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The move however would kickstart only after the government’s campaign against drugs and the cases of 91 Red Shirt protest-related deaths have concluded with those held accountable for the deaths being brought to justice, he said.
Mr Chalerm stated that he had to honour his campaign pledge in the lead up to the July 3 election.
“I had made it clear since 2009 that those who agree with my idea (to return Mr Thaksin to Thailand) should vote for the Pheu Thai Party. Then the result of July 3, 2011 election was in itself a referendum,” he said.
The deputy prime minister commented following an uproar from the opposition Democrat Party and anti-Thaksin movements which slammed the government’s attempt to seek royal pardon for Mr Thaksin, an elder brother of Prime Minister Yingluck Shinawatra.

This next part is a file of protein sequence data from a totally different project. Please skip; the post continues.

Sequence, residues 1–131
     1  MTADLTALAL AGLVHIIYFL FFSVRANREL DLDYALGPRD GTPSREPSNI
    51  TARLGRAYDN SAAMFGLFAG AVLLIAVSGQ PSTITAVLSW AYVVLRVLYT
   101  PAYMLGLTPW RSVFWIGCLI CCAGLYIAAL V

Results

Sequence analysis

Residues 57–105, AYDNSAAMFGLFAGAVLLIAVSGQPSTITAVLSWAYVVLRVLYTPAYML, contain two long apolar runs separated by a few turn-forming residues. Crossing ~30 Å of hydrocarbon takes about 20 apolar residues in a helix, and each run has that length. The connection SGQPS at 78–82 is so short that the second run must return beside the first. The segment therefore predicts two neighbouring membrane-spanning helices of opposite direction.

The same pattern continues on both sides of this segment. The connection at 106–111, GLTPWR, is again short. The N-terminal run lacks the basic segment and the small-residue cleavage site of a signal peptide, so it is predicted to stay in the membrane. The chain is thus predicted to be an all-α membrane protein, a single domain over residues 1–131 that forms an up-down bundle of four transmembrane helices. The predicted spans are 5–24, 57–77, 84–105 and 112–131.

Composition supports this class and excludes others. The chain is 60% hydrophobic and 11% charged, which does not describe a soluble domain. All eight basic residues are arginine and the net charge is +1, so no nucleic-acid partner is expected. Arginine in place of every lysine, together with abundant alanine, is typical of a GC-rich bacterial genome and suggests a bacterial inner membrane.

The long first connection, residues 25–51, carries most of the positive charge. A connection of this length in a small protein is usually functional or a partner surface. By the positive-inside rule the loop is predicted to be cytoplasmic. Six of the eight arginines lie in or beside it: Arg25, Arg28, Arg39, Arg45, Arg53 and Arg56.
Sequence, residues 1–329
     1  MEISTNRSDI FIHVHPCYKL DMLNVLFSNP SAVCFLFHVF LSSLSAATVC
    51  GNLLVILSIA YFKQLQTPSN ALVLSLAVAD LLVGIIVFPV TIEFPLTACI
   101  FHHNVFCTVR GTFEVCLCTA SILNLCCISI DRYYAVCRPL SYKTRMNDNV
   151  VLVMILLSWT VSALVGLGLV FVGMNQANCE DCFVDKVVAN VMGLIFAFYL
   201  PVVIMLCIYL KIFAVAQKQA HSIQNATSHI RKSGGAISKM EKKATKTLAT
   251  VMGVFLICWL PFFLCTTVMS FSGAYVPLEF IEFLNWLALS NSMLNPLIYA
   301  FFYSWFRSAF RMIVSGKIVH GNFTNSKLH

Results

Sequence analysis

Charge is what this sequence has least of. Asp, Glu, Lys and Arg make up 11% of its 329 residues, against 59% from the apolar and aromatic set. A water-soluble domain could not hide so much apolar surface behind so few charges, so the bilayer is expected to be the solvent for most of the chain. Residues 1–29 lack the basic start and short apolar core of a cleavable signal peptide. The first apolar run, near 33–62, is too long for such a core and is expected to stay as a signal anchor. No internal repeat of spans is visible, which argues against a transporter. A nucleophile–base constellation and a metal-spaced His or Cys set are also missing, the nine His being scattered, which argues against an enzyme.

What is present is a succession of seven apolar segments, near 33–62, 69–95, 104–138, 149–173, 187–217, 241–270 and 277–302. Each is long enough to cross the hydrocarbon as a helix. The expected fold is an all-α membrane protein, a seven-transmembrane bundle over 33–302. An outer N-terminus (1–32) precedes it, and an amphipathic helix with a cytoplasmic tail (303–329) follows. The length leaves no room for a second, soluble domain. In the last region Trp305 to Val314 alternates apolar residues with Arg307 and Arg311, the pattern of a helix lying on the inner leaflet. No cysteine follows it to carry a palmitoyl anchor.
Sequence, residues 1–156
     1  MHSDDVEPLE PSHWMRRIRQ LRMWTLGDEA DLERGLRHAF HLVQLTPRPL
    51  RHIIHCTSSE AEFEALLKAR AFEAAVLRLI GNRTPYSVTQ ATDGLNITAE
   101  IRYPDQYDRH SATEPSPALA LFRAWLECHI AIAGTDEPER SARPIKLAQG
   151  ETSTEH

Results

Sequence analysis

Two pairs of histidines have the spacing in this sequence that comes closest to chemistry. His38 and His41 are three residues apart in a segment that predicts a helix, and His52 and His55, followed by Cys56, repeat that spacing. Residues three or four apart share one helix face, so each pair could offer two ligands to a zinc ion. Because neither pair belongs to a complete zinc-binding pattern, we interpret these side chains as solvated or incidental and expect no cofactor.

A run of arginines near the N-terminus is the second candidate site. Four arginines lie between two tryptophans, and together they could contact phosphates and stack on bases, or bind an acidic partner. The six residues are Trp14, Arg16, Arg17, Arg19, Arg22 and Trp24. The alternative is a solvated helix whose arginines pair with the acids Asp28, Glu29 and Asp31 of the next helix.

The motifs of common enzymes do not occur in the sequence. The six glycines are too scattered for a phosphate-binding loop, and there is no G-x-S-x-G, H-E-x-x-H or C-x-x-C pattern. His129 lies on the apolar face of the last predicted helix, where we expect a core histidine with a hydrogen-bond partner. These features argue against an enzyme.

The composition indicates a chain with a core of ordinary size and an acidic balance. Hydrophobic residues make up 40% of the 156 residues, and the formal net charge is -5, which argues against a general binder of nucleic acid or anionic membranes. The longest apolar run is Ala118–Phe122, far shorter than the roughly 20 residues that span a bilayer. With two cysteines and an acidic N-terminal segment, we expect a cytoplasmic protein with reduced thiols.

Mr Chalerm shrugged off the reaction from the opponents of the draft royal pardon decree.
“I have no problem with those who opposed the move but I insist that the decree is not meant for any particular person but for the sake of national reconciliation and that will benefit us all,” he said.
The deputy prime minister said he would push the amnesty draft through parliament.
Mounting criticism and a public outcry have forced the government to back down on the amnesty move.
Mr Thaksin was ousted in the 2006 coup and was sentenced in absentia in 2008 to two years imprisonment for abuse of power for helping his then wife acquire a parcel of prime Bangkok commercial land at a price far below its market value.
Prime Minister Yingluck recently said that her brother’s name was not on the list of the convicts applying for the proposed royal pardon as part of celebrations to mark His Majesty King Bhumibol’s birthday on Dec 5.